Apologies for the delayed posting of more information relevant to TMWWE and its thesis that Milton Franklin Andrews (MFA) was Erdnase. Here's another installment:
Once Gardner had deduced that Edgar Pratt had been talking about Milton Franklin Andrews, he sought independent confirmation that MFA really was Erdnase. Unfortunately, Alvin Andrews, MFAs older brother whom Gardner tracked down and interviewed in Hartford in 1949, knew nothing about the book, and had never heard of Pratt, the Taylor brothers or any possible relationship with cartoonist Louis Dalrymple. Gardner wrote Marshall Smith regarding MFA and found that virtually nothing the artist recalled about the author corresponded to what was known about MFA (wrong age, wrong height, etc etc. See earlier posts and the December 1999 MAGIC article). So Gardner returned to Philadelphia to press Pratt for more details. When Gardner showed Pratt the photostats of the newspaper accounts of MFAs dramatic demise, Pratt finally opened up to Gardner and admitted that he had been talking about MFA. Significantly, he said that he never heard MFA mention the book, and had only heard his high school chum George Taylor mention it once, in connection with a sleight Pratt had asked Taylor about, to which he responded, Thatll be in Andrews book. Pratt claimed subsequently to have recognized the move in Erdnase when the book came out, though he did not identify the move for Gardner. On this visit he told Gardner that he had heard (though he couldnt recall where) that Harto of Indianapolis supplied the magic section. Pratt thought Harto [James S. Harto a performer and magic dealer] hadnt known Andrews, but that the printer got in touch with Harto about adding this section. A few things are worth noting at this point: First, Pratt did not claim that Harto told him about his involvement with Erdnase, and second, Pratt claimed that Hartos involvement was at the publishers insistence. Since the book was originally published by the author the latter claim seems suspect at worst and schizophrenic at best. In any case, Gardner pursued the Harto claim hoping to find the independent confirmation he sought. Unfortunately, Harto had died in 1933 and had apparently spent several years prior to that in a sanitarium. But Gardner was able to track down two Harto associates, Audley Dunham and Charles Maly, both of whom confirmed that Harto and Erdnase had some kind of relationship. Dunham had been an assistent to Harto and had worked in his magic shop. In response to a letter from Gardner, Dunham wrote: Yes, I have heard Jim Harto speak of Andrews he was referred to Jim by another magician the name of which I cannot recall at the present time [sic]. I spent many hours with Jim... and Jim referred to some part he helped on Erdnase. Dunham then talks about an auction of Hartos estate that he organized at which Waldo Logan of Chicago was the major purchaser. ...if I am not mistaken there was a letter in Waldos purchases from this magician to Jim in which some mention is made of Jim helping on Erdnase. Erdnase has never interested me much as I am not primarily a card man, there was however an original Erdnase in the effects and I also believe Waldo has that or may[be] J. Elder Blackledge got it I do not remember. He later goes on to say that Roltare Eggleston said something about Harto being connected with Erdnase. The rest of Dunhams letter does not mention Erdnase.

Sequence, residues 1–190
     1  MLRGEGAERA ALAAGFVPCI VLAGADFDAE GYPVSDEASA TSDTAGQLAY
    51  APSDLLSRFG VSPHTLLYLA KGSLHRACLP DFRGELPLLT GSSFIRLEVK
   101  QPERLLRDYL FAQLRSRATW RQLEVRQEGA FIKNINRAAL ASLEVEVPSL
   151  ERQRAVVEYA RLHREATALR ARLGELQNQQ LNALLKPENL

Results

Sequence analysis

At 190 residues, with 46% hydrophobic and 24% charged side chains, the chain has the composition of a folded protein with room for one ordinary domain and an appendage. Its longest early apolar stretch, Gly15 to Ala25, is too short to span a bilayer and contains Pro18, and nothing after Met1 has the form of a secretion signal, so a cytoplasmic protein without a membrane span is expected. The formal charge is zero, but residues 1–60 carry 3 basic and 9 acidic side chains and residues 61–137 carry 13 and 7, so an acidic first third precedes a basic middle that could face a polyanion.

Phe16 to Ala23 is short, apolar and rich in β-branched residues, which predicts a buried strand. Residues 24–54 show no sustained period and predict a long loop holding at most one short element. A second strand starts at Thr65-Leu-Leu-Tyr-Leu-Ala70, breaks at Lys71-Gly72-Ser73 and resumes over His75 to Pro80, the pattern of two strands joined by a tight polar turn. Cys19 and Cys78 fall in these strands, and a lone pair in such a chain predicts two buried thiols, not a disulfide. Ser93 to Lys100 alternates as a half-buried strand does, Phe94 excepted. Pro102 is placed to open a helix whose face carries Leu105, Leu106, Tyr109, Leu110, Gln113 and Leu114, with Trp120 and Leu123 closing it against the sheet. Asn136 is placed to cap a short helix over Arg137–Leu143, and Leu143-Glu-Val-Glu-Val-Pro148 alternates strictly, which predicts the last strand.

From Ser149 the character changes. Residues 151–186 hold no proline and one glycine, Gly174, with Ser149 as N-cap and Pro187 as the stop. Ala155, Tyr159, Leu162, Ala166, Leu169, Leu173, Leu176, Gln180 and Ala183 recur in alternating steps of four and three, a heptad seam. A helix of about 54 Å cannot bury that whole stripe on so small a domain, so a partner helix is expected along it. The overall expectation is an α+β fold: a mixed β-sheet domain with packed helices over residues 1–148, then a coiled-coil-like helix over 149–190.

Maly, another close friend of Harto, was first contacted at Gardners request by Francis Marshall. Marshall wrote Gardner that Maly told her that he had seen the Andrews notes and notebooks, etc. in Hartos possesssion, and that Harto and Andrews planned a 2nd volume to Expert at Cd Tble [sic]. Gardner wrote Maly care of Frances Marshall on March 28, 1951, outlining Pratts claims, though refering to MFA simply as a gambler named Andrews and asking if Maly could confirm them. Malys handwritten response was in the margins of Gardners letter: Your informer is correct - Jim Harto did have contact with Andrews (Erdnase) or vice versa regarding a magic sectin in Erdnases book, but I do not remember any of the details. In fact, Harto showed me two letters, as I recall, from Andrews. However, since that was over 25 years ago - yes, probably closer to 32 years ago, I cannot remember any part of the letters. I am quite sure though that up to the time of Hartos death these letters were in Hartos file. Maly apologized for not being able to provide more information and suggested that Gardner contact Audley Dunham...
These two confirmations of Hartos association with Erdnase bolstered Gardners confidence in Pratt as a reliable source, leading him to reject Marshall Smiths conflicting testimony as mistaken. But I think it worth noting that neither Maly nor Dunham makes any reference to Milton Franklin Andrews, nor does either state that Harto authored the legerdemain section of Erdnase. Both confirm that Harto told many folks that he had collaborated with Andrews (Erdnase) on a project of some kind, a claim worthy of serious consideration. Time and interest permitting, Ill post some background next time on Harto that may have a bearing on this question.